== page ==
Sam Y. Zamrik, Ballot Position No. 27

Sam Y. Zamrik ’61g, ’65g Eng
Professor Emeritus, Engineering Mechanics, Penn State
Mesa, Ariz.

Read Zamrik’s official bio and position statement here (PDF download).

Answers to Questions

1. In view of sharply declining state appropriations, what steps should Penn State be taking to secure its financial future?

The decline in state appropriations has a serious damaging effect on the university budget and carrying out programs. The first inclination is to raise tuition. It is a sobering possibility that we may face but must be avoided because we have remedies that we can institute. This situation reminds me of serious financial problems our professional society was facing. Increase of dues was ruled out because economic downtrend and loss of jobs. As a member of the board of governors, we instituted immediate reforms: combined number of related programs. Increased our professional educational courses, combined regional offices and reduced the overhead. We hired financial advisors to manage our investments. In a short time, we reversed the downtrend. Today, the society is financially sound and growing. Penn State must start looking inward on its operation:

a) Scale down its building construction.

b) Increase online programs through our World Campus that generated considerable income to leading universities.

c) Increase our continuing education offerings of short courses and conferences in the summer.

d) Combine similar operations.

e) External auditors to scrutinize the operating budget for cost savings and identify duplication in services and root out waste.

f) Manage our investment portfolio by professional investors with an oversight.

g) Increase alumni financial participation in sponsoring scholarships and endowment. We are the world’s largest dues-paying alumni association. If necessary, maintain modest tuition increases to complement budget expenses.

2. The rising cost of tuition nationally is making college less affordable for many students. Outline the steps you believe Penn State should be taking to address the issue.

This question is a most troubling issue for all institutions. Tuition is part of the income Universities rely on for academic growth an important component of the budget. We had continuous increases in tuition for 10 years, causing alarming growth with student’s debt in economic downtrends and parental hardship. The Governor announced 30% cut in state funding compared to 18 % last year. Engineering departments have been told to cut budget by 2%, a hardship on their programs. To overcome this hardship, some universities have modest increases around 3%, others like Arizona State University announced a freeze next year. To address tuition issue:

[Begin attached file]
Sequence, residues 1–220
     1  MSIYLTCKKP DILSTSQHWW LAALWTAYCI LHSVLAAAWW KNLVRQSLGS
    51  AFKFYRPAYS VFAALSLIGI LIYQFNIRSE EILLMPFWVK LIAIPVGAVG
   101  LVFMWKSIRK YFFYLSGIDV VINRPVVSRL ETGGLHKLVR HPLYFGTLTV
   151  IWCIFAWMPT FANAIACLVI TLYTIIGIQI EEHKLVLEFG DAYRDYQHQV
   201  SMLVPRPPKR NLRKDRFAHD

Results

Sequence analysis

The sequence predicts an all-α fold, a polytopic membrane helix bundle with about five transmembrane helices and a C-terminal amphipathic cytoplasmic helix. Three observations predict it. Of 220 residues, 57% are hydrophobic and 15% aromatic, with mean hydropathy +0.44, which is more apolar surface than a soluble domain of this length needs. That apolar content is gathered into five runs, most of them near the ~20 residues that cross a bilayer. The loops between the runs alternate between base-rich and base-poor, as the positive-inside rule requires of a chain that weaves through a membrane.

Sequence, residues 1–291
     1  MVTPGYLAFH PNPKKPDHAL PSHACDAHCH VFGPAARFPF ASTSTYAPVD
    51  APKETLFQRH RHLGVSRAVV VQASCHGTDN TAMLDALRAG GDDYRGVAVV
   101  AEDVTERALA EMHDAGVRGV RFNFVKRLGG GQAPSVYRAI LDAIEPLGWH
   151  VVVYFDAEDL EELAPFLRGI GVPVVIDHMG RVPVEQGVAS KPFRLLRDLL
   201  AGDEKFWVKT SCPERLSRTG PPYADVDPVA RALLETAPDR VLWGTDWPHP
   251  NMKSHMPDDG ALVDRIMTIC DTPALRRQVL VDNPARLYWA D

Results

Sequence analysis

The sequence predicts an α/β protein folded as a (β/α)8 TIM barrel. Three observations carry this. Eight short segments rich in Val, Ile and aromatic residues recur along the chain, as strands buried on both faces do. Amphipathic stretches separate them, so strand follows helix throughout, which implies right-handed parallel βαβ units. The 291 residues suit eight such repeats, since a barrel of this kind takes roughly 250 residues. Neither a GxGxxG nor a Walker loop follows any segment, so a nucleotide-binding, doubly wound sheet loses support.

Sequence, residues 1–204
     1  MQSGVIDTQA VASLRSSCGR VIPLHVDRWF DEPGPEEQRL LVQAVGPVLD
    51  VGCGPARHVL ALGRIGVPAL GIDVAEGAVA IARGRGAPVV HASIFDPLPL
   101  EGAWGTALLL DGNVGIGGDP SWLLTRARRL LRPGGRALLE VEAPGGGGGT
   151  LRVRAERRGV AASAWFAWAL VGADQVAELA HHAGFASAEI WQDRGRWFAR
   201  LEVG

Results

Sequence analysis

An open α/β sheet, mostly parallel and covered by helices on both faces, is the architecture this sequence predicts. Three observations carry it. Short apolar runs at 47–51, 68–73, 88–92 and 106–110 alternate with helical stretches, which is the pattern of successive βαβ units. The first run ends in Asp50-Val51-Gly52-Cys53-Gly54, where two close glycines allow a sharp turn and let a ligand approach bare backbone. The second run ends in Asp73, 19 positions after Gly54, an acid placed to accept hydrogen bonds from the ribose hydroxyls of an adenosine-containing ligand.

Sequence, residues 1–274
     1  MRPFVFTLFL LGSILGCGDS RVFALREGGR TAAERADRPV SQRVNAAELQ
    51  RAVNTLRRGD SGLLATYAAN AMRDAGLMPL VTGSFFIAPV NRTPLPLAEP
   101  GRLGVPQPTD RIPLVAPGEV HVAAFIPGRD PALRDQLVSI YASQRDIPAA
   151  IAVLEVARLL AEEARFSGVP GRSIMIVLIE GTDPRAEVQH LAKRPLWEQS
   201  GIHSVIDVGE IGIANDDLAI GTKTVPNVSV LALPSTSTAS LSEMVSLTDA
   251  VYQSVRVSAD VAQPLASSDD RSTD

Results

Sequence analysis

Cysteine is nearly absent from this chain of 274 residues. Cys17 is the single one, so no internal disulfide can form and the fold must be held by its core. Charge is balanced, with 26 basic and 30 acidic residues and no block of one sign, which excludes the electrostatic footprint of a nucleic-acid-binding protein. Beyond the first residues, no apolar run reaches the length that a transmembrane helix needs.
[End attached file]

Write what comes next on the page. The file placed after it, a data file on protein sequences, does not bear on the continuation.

a) Sound fiscal planning and greater operating efficiency. Combine operations that can be managed in each office. Since we have commonwealth campuses, we can process payroll, purchasing by a regional center to minimize overhead expenses.

b) Encourage legislative officials to recognize education is the future of the commonwealth and investing in Penn State is an assurance for developing future leaders. It is the Governor’s responsibility to support higher education. Government has many wasted programs where cuts can be made to supplement educational programs.

c) Administrators should identify and root out wasteful practices, reevaluate staff structure and need.

d) Engage financial support of alumni to establish student scholarships relieving financial burden, enlist alumni Donors to establish more endowments.

e) Increase online programs to generate more revenues.

3. What form should Penn State’s land-grant mission take in the 21st century?

One has to look at the inception of Penn State. It was founded as a degree-granting institution on Feb. 22, 1855 by act P.L. 46, No 50 of the General Assembly of the commonwealth of Pennsylvania as the Farmers’ High School of Pennsylvania. With the passage of the Morill Land-Grant Acts, the school was selected in 1863 as the state’s sole land-grant College. It has been a long road since then and the College in 1953 became Penn State University. Even though in 1970, we became state-related, the State should still embrace the land-grant act because we are a public research university with campuses and facilities throughout the State. Our mission is very clear, teaching, research and public service. Today we are a global institution recognized nationally and internationally. Our academic programs have to be continuously changing to keep up with the changing world of technology. Our students have to be involved, by participating and understanding the diversity of world culture. Expand the role of our 24 campuses with online learning to embrace the changes in our education due to influence of social media and advances in technology. Increase distance learning by offering degrees in all disciplines and expand our World-Campus that was inaugurated in 1998. We have to assert our impact on the State’s economy. University innovative research and advances in technology will impact the Commonwealth by developing new industry and economic growth.

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